Perhaps my writing will be enough to answer that call during the long school year. My work feels, for the first time in longer than I care to admit, durable and ecstatic. However, I cannot let anything—or anyone, even myself—keep me from discovery. There must be time for new thoughts, new places, and a new world that will animate my work and revive my old heart. Here—there, and everywhere—I go.

The Books

Almost fifteen years ago, I put my books in the attic. They were out, in shelves, but tucked beneath a sloping ceiling and packed behind all manner of family detritus. When my ex-wife and I separated, I moved them into my main living space, where they sang back to me after their—or my—sojourn.  My books matter to me, and I felt their absence. Getting them back onto tall shelves, walking past them every day, reminded me of what I had done, what I had learned, and what I wanted to do with my life and mind.

I have books about writing, books about religion, books about education, history books, philosophy (what we called theory in graduate school), fiction, poetry, books full of art and art history, and even books about sports—mainly baseball. I have a hard cover edition of Dickens published by Chapman and Hall with pages that requires a pocket knife to cut open.  I own a set of Andrew Lang’s color-coded Fairy Tale books.

The books reflect my preoccupations over the past thirty years.  Much of what is on my shelves I first read while I was in graduate school. Some I acquired afterward to keep me in touch with what I spent six years studying. Some comes from undergraduate college—books about gothic art and architecture, an old edition of Joyce’s Portrait of the Artist as a Young Man. There are some newer books that reflect my current interests: a collection of Sumerian mythology, a book about Djinn.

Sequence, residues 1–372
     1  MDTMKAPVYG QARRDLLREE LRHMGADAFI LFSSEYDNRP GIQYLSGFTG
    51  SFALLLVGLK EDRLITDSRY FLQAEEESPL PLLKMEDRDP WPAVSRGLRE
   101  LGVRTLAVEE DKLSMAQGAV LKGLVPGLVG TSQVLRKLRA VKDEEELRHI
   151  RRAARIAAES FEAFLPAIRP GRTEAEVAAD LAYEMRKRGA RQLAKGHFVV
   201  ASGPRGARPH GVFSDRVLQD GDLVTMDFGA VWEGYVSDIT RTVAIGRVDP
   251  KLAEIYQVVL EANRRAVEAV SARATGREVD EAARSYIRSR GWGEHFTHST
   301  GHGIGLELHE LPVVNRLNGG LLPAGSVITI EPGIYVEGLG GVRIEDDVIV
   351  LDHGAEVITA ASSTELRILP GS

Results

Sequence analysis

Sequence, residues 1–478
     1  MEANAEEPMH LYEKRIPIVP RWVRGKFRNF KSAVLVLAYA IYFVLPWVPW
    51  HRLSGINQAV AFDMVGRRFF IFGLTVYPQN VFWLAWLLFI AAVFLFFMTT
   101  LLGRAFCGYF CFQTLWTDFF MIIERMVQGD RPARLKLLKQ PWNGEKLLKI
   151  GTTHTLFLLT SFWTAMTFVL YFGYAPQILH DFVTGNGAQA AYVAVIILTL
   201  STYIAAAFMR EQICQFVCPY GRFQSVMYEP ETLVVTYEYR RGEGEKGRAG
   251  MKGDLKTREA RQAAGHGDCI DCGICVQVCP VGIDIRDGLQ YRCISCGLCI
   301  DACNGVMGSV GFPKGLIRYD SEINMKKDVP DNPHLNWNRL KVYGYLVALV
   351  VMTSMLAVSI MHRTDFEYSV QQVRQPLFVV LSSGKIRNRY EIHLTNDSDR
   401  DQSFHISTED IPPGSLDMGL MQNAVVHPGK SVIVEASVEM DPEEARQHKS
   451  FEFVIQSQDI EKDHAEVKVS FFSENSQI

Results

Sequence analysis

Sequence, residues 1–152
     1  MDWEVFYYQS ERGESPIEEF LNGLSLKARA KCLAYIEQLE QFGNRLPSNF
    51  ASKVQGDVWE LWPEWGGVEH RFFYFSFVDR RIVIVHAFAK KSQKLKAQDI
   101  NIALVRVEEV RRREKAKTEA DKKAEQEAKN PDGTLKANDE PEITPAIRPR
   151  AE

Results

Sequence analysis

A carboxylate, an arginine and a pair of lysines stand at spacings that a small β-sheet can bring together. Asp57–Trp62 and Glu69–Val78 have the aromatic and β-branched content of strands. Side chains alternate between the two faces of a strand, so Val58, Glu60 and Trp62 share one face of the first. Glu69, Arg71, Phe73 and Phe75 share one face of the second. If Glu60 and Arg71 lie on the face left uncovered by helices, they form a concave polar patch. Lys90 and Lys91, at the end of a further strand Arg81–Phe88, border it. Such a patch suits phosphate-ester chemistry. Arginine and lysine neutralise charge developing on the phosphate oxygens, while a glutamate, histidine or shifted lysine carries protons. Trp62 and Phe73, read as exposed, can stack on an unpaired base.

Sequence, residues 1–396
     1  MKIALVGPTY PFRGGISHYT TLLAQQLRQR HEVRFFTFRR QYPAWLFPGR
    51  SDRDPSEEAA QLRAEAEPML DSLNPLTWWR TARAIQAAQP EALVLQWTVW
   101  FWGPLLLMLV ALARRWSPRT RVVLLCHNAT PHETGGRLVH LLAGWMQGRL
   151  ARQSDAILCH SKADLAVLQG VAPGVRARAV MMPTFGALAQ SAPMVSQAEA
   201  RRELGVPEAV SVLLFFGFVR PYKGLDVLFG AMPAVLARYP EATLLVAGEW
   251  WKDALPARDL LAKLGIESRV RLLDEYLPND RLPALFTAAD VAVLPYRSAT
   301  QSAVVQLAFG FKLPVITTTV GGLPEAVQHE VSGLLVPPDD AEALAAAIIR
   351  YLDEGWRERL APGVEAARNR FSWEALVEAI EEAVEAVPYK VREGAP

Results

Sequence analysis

As much as I love my books, as much as they tell a story of my past, as much as they feel like an external manifestation of my mind, I think it may be time to lose them.

How long can one hold onto the past—a past that weighs an actual ton—without moving into the future? Yes, there are some things that I would keep, and this is true of more than my books, but they possess so much gravity. What is the past to me? Of course it is, was, everything. However, the future beckons, and requires a kind of lightness to which things do not lend themselves. Even memorable things.

There are other presences in my life—deep and profound connections. This time last year, I started unraveling the two jobs I had in Norfolk, Virginia. I moved away from those jobs and in the process also moved away from my daughters, who continue to live with their mother in Norfolk. Of course, I separated from and divorced their mother. It may seem inconsequential, but over 30 years ago, I picked a cat off the street, and have had cats ever since. I have never been more than three weeks away from them. This year I considered giving up a long standing fantasy baseball game that I have played for nearly 30 years with friends.

I wonder about what I have given up, but also what I have stayed with over the years. I have been a teacher for over 20 years—including my work as a TA in graduate school, over 25 years. What would it be like to not teach? I wrote for years, and then, if I didn’t stop, I slowed considerably—at what hazard, I cannot guess. I am writing again now, and have been, but can’t help wonder why my work slowed to a trickle.